MUNCIE, Ind. (WISH) - A teenager battling an aggressive form of cancer had the chance to live a dream Monday. The 14-year old foster child got to attend Ball State University for a day.
Her first stop was a comparative politics class. Quinnasha sat attentively at the back of the class as she listened to a discussion about the evolution of the European Union.
As the professor discussed the widening questions of the constitutional development of the EU, Quinnasha studiously took notes. For her, it was a welcome diversion from the widening questions that plague her - questions of life and death.
The Fort Wayne foster child lost an arm to osteosarcoma two years ago. Now the cancer is back, and it's ravaging her lungs. Because Quinnasha is a ward of the state, she said she has also battled a slow-moving bureaucratic system to get treatment .
Her legal battles sparked an interest in law, and she dreams of starting her college career at Ball State. And for a day, her dream was reality.
Joe Losco, Ball State's political science department chairman, gave her a tour of the department Monday. She visited with Michael Maggiotto, the dean of sciences and humanities, Darren Wheeler, a political science professor, and Brad Gideon, the school's legal studies director.
When Maggiotto asked her why she wants to be a lawyer she replied softly: "Maybe if I be a lawyer, I can help another child with something."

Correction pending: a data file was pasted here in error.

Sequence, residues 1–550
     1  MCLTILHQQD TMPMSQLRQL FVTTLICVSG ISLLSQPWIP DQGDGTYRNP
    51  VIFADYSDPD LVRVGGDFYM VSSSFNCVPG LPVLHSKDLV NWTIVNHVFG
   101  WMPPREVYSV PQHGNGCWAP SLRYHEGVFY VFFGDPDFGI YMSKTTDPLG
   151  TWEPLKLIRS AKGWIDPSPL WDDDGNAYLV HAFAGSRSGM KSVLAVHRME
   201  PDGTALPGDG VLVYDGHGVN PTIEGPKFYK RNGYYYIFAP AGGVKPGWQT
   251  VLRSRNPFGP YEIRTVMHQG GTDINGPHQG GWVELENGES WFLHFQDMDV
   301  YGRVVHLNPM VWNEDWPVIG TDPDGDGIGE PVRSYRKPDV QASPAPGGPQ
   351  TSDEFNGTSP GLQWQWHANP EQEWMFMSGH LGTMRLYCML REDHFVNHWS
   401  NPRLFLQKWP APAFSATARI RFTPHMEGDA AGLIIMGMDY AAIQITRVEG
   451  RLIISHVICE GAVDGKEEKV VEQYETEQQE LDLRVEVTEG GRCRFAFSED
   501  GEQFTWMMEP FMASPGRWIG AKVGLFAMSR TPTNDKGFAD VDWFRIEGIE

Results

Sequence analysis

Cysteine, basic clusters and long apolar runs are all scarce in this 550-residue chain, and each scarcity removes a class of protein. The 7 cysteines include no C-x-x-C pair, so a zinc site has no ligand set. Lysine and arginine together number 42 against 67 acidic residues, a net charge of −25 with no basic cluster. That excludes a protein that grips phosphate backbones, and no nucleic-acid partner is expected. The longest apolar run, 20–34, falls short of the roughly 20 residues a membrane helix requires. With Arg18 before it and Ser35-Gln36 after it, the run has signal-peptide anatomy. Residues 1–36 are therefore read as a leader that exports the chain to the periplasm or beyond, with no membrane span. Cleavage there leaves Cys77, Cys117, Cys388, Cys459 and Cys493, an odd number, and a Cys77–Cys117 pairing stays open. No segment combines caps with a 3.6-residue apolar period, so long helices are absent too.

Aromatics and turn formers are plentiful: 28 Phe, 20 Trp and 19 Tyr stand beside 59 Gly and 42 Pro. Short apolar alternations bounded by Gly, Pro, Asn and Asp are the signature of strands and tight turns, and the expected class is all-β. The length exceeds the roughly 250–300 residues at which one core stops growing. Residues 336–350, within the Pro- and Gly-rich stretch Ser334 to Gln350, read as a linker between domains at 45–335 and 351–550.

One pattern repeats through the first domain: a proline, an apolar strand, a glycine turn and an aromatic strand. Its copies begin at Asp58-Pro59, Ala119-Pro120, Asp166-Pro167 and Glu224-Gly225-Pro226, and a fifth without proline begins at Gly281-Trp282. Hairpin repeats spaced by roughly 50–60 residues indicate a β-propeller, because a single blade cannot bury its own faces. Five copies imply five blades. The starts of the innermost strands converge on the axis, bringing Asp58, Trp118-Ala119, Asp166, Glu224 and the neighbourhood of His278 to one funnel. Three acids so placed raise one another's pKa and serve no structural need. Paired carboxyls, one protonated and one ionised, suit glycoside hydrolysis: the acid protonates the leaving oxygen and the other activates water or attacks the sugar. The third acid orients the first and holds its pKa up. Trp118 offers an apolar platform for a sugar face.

Quinnasha not only wants to help foster children, she wants to change the world. She chatted about international affairs with Wheeler, telling him about her concerns about the enslavement of children in Ghana. And she joked with Gideon about how much she dislikes math.
Then, she had lunch with a group of professors and students.
"It's fantastic being here!" she gushed. "This is like one of the biggest things that I have accomplished. This was like my goal - one of my goals."
Last month, 24-Hour News 8 reported that Quinnasha had to petition the court to have chemotherapy. While she won that fight , unfortunately her body is not tolerating chemo well. But she's not giving up. She plans to one day attend Ball State, and she said her visit Monday provides even more motivation to fight for her dreams.
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